HARARE, Zimbabwe — A high court ordered Sunday that this country's landmark presidential election be extended into today after long lines of would-be voters continued to besiege polling places here in the capital well beyond the 7 p.m. deadline.
But the government said it would appeal the ruling, sparking fears among opposition supporters that incumbent Robert Mugabe might use a presidential decree to close the polls, which could trigger widespread civil unrest.
Residents in some high-density Harare townships who had waited more than 12 hours to cast their ballots Saturday--the first day of voting--returned before dawn Sunday after their first bids to register their choices had failed. Hundreds slept in lines in front of polling places in order to retain their spots.
"They are obviously trying to keep us from voting," said one man, who gave his name as Tosto and who by noon Sunday had spent more than 15 hours waiting in line at a polling place in Glen View, a township on the outskirts of Harare. "But even if it's five days, we are going to stay to vote."
The election, considered to be the most bitterly contested in Zimbabwe's 22-year history, pits Mugabe and his Zimbabwe African National Union-Patriotic Front against Morgan Tsvangirai, a former trade unionist and the leader of the Movement for Democratic Change.
Three lesser-known candidates are also in the running but are expected to garner an insignificant fraction of the votes. Voters in the capital were also casting ballots for mayoral and local council positions.
Analysts said the extension could work to the advantage of the MDC, even though they said many flaws in the electoral process had already prevented the vote from being free and fair.
"This is significant," said John Makumbe, a local political analyst and chairman of the Zimbabwe branch of Transparency International, an anti-corruption watchdog. "It is largely going to benefit the MDC, because voting in rural areas has effectively ended, because the turnout has not been so high and because there were many more polling stations in the rural areas."
Critics Call Slow Pace of Balloting a Trick
Government critics charged that the slow pace of allowing people to vote was a deliberate attempt to frustrate MDC supporters in Harare, which is widely considered to be an opposition stronghold.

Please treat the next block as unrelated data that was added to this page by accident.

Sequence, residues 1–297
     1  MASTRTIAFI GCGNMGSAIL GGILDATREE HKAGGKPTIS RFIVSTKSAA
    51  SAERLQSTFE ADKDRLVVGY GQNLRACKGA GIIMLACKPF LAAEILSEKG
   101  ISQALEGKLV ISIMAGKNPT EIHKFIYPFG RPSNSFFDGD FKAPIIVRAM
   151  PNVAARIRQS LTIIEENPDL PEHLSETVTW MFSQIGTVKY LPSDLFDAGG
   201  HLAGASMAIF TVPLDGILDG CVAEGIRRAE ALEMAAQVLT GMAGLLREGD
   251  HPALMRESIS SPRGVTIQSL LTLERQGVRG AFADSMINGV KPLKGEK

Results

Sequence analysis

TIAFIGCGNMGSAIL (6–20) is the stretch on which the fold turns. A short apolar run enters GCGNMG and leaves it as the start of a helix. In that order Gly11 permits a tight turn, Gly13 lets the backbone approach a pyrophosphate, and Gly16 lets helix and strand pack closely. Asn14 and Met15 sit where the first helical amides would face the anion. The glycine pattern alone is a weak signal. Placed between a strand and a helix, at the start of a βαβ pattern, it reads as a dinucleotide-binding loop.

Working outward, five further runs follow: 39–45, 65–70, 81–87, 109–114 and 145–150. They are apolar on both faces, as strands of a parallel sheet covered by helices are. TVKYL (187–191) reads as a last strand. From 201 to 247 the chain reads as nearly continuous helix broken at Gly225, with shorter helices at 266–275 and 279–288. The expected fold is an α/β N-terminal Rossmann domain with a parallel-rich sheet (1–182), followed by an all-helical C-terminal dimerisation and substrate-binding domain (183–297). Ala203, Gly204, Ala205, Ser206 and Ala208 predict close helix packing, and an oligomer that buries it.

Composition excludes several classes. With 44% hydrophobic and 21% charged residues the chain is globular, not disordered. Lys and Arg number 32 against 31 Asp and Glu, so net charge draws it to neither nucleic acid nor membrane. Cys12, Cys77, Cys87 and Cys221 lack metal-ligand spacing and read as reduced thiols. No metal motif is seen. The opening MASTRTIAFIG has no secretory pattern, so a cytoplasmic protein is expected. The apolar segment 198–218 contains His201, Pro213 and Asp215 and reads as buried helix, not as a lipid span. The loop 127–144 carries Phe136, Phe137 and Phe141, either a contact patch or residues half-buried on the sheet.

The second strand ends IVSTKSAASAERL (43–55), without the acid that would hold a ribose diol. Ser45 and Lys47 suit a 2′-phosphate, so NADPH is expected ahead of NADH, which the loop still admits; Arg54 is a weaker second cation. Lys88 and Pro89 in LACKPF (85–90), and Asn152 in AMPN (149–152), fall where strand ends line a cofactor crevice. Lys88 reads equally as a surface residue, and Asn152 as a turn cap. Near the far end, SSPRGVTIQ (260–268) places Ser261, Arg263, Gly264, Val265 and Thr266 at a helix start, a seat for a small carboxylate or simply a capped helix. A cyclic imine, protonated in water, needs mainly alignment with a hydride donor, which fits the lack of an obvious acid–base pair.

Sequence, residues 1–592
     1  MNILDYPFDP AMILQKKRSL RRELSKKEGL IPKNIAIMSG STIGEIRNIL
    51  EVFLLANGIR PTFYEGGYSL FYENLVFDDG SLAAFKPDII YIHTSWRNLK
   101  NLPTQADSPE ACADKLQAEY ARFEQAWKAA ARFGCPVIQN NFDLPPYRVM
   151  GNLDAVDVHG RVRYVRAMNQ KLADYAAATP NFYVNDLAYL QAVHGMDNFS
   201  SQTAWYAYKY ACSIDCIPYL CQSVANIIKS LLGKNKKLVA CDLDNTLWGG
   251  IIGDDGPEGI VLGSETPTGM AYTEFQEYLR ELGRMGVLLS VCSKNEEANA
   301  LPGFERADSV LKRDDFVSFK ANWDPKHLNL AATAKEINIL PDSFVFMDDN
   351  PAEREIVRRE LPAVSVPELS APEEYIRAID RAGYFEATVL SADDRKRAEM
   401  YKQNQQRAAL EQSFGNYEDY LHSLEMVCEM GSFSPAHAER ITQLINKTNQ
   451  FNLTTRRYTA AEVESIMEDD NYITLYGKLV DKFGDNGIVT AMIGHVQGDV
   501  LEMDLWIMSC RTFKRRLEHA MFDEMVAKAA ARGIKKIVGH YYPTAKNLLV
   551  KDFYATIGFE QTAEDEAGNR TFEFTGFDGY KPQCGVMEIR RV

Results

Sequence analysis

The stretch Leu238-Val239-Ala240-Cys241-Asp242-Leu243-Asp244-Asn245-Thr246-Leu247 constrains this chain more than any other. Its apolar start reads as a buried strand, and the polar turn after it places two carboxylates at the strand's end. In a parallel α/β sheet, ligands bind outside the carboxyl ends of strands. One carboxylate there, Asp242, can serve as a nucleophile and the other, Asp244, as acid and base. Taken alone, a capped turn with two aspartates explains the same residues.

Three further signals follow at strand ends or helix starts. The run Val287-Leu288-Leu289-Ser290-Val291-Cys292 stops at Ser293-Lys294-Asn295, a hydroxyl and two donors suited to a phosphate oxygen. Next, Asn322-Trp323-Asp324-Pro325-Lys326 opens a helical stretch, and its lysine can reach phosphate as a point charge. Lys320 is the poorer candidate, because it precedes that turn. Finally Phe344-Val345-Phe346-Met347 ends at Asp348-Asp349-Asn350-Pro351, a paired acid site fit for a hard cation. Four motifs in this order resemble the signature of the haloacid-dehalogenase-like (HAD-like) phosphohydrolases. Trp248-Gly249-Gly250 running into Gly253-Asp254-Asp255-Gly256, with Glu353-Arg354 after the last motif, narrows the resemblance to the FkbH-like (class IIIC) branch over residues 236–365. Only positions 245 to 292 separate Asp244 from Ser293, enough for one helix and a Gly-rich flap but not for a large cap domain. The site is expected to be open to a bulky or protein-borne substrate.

But George Charamba, the country's secretary of state for information and publicity, insisted that the lines at several polling places in the capital were not genuine.
"That was the strategy of the MDC," he said. "What they did was to bring in their youth, some of whom had already voted, so as to create the impression that we needed an extra day."
Charamba said that elsewhere in the country, voting was completed before the deadline and that by 7 p.m. Sunday, polling places were virtually empty.
"In rural areas, we are already dismantling our polling stations," he said. "It won't make sense to extend [voting] just for this part of the country."
Before the election, the government cut the number of polling places in urban areas, where the MDC dominates, and increased the number in rural areas, where the ruling party enjoys the majority of its support.
MDC officials said they had hoped for an even longer extension--possibly two extra days--but expressed hope that one day would be enough. Lawyers for the party said the government's appeal could not prevent polling places from opening today.
"The [court] order will continue to apply notwithstanding the appeal," said Innocent Chagonda, a lawyer for the MDC. He noted that if the government's appeal proved successful, "it would be obvious that the vote was not free and fair."
Pro-Mugabe Militias Are Blamed for Violence
The run-up to the election was marred by violence and intimidation, which opposition politicians and human rights officials blamed largely on pro-government militias.
The Zimbabwe Election Support Network, an umbrella group of local independent monitors, reported that in the traditional ruling party stronghold of Mashonaland West on Saturday, MDC voting monitors had been chased from one polling place and their identity cards seized. The observer group also said it had received reports that about 60 MDC voting monitors had been abducted.
But opposition leaders said the long lines at polling places in the urban centers were testament to the fact that harassment had failed to keep voters away from the polls.
"People are so determined to exercise their right," said Paul Madzore, an MDC member of parliament. "We did not expect voter apathy here."
Political analyst Makumbe warned of turmoil if the government's appeal of the voting extension succeeded or if Mugabe tried to close the polls by presidential decree.
"There is a very strong possibility of civil strife," Makumbe said. "A lot of people in the queues are saying, 'We are not leaving without voting.' ZANU-PF militias could try to drive them off, and that could result in clashes."